We can all no doubt agree that Super Mario Galaxy 2 is the biggest Wii release of May (if not the year to date), but it's not the only worthwhile exclusive coming to the platform next month. After a two-plus-year drought, Atlus's Trauma Center series returns to the Wii with the all-new Trauma Team, which takes the waggle-surgery aesthetic in several distinct directions by letting you play as six different medical specialists.
While we're still slicing and dicing through the game in preparation for our review (coming Monday), we wanted to call out a few reasons why this series reboot is well worth your attention next month, whether you're a tried-and-true faux-surgeon or still have yet to get a little blood on your digital scrubs.
Trauma Team is still largely focused on various surgical procedures, letting you use the Wii Remote and Nunchuk to cut, suture, and inject your way towards repairing numerous medical maladies. But instead of having a single, all-encompassing surgical campaign, Trauma Team divvies up the action between four distinct doctors, allowing each to handle patients that require their specialized skills. As such, the game can dig a bit deeper into each area, allowing for fresh surgical and emergency response procedures.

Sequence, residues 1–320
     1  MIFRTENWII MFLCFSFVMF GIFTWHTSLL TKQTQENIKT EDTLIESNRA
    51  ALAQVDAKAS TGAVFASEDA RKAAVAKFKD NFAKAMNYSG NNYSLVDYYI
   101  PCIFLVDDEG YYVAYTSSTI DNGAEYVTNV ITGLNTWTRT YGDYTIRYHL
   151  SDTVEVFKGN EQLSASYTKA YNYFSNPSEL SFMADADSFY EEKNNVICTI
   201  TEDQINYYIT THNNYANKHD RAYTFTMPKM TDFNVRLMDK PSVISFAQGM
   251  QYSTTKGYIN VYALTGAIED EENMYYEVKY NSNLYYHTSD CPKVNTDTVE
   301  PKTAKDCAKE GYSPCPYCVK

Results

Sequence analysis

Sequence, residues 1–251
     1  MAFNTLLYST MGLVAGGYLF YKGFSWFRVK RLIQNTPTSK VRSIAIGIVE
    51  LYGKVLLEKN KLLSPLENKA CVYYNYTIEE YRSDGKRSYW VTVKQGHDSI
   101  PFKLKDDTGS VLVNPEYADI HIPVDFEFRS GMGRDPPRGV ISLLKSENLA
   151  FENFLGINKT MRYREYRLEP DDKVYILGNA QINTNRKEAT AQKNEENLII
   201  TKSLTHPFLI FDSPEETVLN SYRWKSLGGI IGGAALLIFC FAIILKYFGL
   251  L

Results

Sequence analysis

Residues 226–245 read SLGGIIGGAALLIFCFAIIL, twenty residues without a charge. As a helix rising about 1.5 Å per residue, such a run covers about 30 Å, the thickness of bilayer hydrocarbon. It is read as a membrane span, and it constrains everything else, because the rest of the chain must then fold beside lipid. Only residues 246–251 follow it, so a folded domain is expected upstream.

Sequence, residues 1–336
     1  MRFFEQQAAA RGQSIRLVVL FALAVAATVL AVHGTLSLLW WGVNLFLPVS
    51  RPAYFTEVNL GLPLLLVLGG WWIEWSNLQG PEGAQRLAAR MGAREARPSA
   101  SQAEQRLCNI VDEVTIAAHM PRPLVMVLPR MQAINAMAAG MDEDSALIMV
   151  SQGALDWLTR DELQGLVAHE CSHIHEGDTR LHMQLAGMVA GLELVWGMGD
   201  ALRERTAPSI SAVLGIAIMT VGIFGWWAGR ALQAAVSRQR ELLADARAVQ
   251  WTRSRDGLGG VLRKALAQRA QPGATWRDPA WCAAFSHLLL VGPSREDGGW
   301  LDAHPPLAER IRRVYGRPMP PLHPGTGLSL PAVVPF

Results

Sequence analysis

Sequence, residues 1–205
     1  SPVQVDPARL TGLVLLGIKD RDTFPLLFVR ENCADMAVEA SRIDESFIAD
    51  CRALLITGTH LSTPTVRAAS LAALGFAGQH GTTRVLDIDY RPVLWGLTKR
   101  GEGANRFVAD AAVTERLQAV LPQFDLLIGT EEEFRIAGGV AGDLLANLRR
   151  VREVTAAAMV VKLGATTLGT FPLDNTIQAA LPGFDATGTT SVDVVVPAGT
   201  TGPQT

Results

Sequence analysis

Beyond a standard set of surgical procedures, you'll also take control of an orthopedic surgeon, who must address broken bones and other skeletal concerns with the kinds of tools (hammer, drill, screwdriver) you'd find at a construction site -- just way more sanitary and assuredly expensive. An endoscopic surgery campaign lets you dive deep into the body to stop hemorrhages and recover swallowed items, while the first response missions see you juggling multiple patients, treating burns, broken limbs, and breathing issues while prioritizing medical needs.
While the tense procedures mentioned above define a large chunk of the Trauma Team experience, it's not all the game has to offer. In the diagnosis and forensics campaigns, you'll do a little problem solving to deduce what's troubling a patient, or piece together an investigation by scanning the crime scene, inspecting the body and personal effects, and spotting clues in witness accounts.
These missions are more menu-based, and take quite a bit longer to complete than the various surgical and first response missions, but they're a nice change of pace from the hectic flow of those scenarios. Since the game uses an open-ended mission approach (letting you pop between campaigns at will), consider slotting one of these missions after every couple surgical procedures to keep things interesting.